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CHAPTER 46

Lucian drew his fingers through his long red hair with the greatest care, ripping out the tangles, arranging it artfully on his shoulders. With a razor-sharp dagger, he skillfully shaved the stubbly growth of beard and mustache, never cutting himself once. Running his hands over his robes, he picked off a bit of lint here, smoothed a wrinkle there.

He crossed his arms and considered the jewelry laid out before him. Diamonds, rubies, emeralds: which would it be? All would compliment his coloring; each would sparkle in the torchlight. He chewed on a nail, realized he was doing so, dropped his hand in disgust. Chuckling, he scooped up one of each. The emerald ring. The diamond pendant. The ruby earring. No! Perhaps the diamond earring? No! With an exaggerated sigh, he rolled his eyes and dropped the diamond and ruby to the stone. He would wear emeralds, only emeralds, to match his eyes.

He picked up the looking glass, breathed on it, and polished it with his sleeve. Sighing deeply, he closed his eyes and composed his features, then held the mirror before his face and slowly opened his eyes.

The face that stared back at him was extraordinarily handsome, he thought. He could not help but smile. Running his fingers over his beardless cheeks, he smiled wider. He looked so young!

His smile animated his face, made it come alive. His emerald green eyes sparkled in admiration, and his long, thick lashes batted at his reflection. His high brows, flame-red like his hair, arched in delight. His slender nostrils flared. His blood-red lips, so stark against his pure white skin, drew back, exposing his straight, white teeth.

He was seized by a fit of giggling. My, he looked wonderful! To be sure, for a man over a thousand years old, he looked astonishingly well-preserved. His eyes crinkled with merriment and he thought he was, quite possibly, the most charming, attractive man he'd ever seen. "Of course, I must look my best," he said happily.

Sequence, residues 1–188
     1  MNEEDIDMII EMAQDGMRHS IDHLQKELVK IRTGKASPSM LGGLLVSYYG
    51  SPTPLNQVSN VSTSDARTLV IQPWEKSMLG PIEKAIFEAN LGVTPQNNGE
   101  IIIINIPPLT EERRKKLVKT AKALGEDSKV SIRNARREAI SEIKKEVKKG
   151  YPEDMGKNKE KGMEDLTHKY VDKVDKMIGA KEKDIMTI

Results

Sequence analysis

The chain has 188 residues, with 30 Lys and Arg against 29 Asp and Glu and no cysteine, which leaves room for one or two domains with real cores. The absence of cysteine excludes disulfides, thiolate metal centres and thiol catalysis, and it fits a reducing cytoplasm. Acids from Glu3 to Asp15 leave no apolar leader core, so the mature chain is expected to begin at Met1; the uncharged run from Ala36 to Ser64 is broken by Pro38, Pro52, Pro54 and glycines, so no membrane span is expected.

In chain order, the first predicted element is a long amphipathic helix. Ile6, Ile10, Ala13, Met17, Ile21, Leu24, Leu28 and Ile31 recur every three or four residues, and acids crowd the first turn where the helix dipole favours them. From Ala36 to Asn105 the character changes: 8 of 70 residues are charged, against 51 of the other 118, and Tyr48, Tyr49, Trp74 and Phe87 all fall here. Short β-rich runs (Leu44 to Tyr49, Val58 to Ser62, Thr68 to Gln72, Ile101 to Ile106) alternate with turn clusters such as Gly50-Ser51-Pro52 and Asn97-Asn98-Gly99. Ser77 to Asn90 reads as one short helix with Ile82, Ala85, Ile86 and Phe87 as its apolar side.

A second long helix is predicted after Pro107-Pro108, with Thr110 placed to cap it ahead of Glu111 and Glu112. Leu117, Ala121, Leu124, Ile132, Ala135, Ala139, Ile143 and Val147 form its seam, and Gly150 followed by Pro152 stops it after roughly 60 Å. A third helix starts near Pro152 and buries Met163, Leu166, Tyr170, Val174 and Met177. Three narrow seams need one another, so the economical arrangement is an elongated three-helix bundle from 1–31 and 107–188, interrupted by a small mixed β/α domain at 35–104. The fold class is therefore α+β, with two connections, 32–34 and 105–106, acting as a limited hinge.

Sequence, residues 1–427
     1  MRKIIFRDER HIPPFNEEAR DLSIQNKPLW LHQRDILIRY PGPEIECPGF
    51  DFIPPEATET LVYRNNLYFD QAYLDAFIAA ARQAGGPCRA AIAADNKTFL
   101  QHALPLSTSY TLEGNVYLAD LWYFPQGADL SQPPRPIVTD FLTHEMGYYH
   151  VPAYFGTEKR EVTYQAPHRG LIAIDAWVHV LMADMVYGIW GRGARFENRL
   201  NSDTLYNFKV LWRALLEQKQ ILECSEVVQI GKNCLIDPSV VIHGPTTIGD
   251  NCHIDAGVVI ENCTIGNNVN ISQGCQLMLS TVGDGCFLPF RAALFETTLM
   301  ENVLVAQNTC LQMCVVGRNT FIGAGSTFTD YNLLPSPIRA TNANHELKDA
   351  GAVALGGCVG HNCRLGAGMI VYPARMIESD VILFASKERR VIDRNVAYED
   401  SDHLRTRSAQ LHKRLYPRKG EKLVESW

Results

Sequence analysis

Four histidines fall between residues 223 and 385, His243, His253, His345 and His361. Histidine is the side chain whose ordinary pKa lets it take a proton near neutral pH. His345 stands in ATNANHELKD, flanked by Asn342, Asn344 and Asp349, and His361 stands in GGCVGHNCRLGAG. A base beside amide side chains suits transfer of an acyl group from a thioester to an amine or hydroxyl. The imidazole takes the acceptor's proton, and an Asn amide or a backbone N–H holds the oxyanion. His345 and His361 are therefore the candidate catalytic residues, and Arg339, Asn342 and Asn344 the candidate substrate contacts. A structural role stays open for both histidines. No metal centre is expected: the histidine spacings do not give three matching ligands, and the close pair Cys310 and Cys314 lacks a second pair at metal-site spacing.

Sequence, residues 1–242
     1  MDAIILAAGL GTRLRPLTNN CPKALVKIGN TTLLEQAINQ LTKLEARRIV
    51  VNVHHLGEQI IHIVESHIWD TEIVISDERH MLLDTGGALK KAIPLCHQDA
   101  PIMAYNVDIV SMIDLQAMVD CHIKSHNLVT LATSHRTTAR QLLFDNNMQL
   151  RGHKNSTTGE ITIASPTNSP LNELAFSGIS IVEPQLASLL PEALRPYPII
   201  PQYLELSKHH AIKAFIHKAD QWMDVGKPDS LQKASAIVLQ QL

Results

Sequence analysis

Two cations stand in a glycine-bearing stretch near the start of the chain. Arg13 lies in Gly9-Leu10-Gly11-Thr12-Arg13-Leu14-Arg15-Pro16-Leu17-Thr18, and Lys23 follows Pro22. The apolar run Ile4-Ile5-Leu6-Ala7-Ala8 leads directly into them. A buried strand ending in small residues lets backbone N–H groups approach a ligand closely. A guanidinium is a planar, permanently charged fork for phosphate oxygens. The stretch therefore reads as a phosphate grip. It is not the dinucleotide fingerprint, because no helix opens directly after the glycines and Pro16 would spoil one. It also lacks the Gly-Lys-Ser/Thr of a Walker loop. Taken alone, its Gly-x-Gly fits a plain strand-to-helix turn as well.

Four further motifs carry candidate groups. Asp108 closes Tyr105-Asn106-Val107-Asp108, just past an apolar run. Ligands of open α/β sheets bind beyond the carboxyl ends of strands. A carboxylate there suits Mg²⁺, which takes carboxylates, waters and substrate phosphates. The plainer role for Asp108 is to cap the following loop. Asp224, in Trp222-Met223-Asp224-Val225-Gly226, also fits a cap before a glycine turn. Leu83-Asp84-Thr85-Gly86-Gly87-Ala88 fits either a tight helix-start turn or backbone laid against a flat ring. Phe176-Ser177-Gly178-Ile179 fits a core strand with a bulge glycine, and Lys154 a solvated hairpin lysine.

His eyes caught sight of something hovering in the background of his reflection. Immediately, his grin faded and his eyes grew hard and dark. He focused on the thing. It hung on the edge of the looking glass, barely there, yet it filled his eyes, blotted out everything else. Slowly, the hand holding the looking glass lowered, and he turned to face it.

It lay there on his tomb, so white, as white as its robes had once been. So still it was; it looked so hard, like it was carved from the purest marble. The open, staring eyes were like a fault in the perfection of the marble. And the red! So bright, so copious, staining the thing and the stone beneath it like a sacrifice on an altar.

His eyes narrowed. He really should clean it up; he would have to get rid of it. When he was through with the Defender, after he had let him see it, smell it, touch it, then he would. For now, though, he would leave it where it was.

He turned away from it, and once again held up the looking glass. He shook his hair out and fluffed it with his fingers. He cocked his head. Was that the tread of a booted foot? No, no, only the pounding of his heart. He smiled, licked his finger, and smoothed an unruly eyebrow.

Oh, yes, the emeralds were perfect. The one at his ear sparkled in the torchlight. But not, he thought as he stared intently at his reflection, as brilliantly as his eyes.